Any rye flour works in this pumpernickel-rye bread recipe, but we recommend a dark rye. If you can find a coarsely ground rye or pumpernickel flour—often available in health-food and specialty baking stores—by all means use it here. You'll end up with extra-savory loaves. .
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1. In a bowl, dissolve yeast in 1/2 cup warm water (90° to 105°). Let sit 5 to 10 minutes.
2. Meanwhile, in a small saucepan over medium-low heat, combine molasses, butter, vinegar, and chocolate. Cook until butter and chocolate are melted. (Or, put in a glass or porcelain bowl and microwave, covered, in 20-second increments at full power until melted.) Pour mixture into a medium bowl and add 2 cups water. Set aside.
3. In the bowl of a stand mixer, combine whole-wheat flour, rye flour, cocoa powder, caraway seeds, salt, and espresso powder. Attach dough hook and, with mixer on low, mix in yeast and molasses mixtures. Add 1 1/2 cups bread flour and mix to combine. Add more bread flour, 1/4 cup at a time, until dough pulls away from the inside of bowl. Knead (with mixer on low) until smooth and elastic, adding more flour as necessary to keep dough from sticking too much. When ready, the dough should feel a bit like an earlobe when you pinch it.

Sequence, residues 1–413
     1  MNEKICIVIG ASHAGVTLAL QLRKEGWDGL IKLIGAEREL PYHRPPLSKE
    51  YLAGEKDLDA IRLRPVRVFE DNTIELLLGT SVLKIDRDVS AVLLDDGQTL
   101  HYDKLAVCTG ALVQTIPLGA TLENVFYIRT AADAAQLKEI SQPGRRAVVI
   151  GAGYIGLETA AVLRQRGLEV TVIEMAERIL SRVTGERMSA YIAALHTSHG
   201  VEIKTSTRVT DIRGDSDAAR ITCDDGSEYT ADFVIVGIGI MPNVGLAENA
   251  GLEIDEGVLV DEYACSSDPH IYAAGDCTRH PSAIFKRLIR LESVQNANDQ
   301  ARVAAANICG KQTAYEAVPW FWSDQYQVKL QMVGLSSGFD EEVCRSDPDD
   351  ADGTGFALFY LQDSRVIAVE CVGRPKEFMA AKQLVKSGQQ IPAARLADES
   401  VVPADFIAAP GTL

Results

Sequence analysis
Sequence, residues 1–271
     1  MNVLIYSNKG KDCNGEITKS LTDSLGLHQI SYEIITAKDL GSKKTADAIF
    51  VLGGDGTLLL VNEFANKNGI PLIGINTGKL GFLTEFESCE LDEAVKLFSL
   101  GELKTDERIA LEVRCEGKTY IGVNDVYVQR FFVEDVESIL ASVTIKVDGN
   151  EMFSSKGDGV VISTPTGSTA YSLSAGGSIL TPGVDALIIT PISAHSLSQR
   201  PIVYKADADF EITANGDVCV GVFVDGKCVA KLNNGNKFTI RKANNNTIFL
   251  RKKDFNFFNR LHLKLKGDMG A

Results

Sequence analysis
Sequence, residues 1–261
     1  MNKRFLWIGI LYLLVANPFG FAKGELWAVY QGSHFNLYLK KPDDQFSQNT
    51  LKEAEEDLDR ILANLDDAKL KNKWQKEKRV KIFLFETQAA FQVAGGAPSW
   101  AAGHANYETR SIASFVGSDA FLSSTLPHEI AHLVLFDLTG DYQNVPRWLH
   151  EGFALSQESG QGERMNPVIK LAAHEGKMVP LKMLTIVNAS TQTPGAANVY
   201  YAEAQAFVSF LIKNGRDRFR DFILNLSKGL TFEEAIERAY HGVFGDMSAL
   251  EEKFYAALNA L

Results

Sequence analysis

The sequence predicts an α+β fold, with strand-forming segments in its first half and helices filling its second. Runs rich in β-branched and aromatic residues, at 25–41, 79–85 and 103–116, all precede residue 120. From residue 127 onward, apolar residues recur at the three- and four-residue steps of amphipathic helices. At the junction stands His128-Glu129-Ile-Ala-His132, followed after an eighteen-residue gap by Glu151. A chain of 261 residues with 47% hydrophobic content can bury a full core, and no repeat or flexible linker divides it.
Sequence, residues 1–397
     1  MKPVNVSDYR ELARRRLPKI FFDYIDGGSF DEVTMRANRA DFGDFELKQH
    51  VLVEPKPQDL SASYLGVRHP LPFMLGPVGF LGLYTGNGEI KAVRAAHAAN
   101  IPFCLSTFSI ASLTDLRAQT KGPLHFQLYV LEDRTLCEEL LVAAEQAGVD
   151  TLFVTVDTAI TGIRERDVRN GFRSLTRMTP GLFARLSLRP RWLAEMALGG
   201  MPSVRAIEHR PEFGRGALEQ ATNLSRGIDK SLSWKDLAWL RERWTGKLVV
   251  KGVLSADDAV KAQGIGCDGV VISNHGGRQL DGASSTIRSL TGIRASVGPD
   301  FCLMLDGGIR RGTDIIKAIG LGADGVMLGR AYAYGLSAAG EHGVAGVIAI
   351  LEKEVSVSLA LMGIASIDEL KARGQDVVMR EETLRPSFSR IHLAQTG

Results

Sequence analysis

4. Put dough in a large, oiled bowl. Cover loosely with a clean towel or plastic wrap and let rise until doubled in bulk, about 1 hour.
5. Punch down and divide in two equal pieces. Knead and shape into round loaves about 9 in. in diameter. Sprinkle a large baking sheet with cornmeal and place loaves, smooth side up, on sheet. Cover and let rise until doubled in bulk, about 1 hour.
6. Preheat oven to 350°. Brush loaves with egg and use a razor or serrated knife to slash 1/4- to 1/2-in.-deep crosses on the tops. Bake 45 minutes to 1 hour (they're done if they sound hollow when tapped on the bottom) and cool completely on wire racks before cutting.
Note: Nutritional analysis is per 2-oz. serving.
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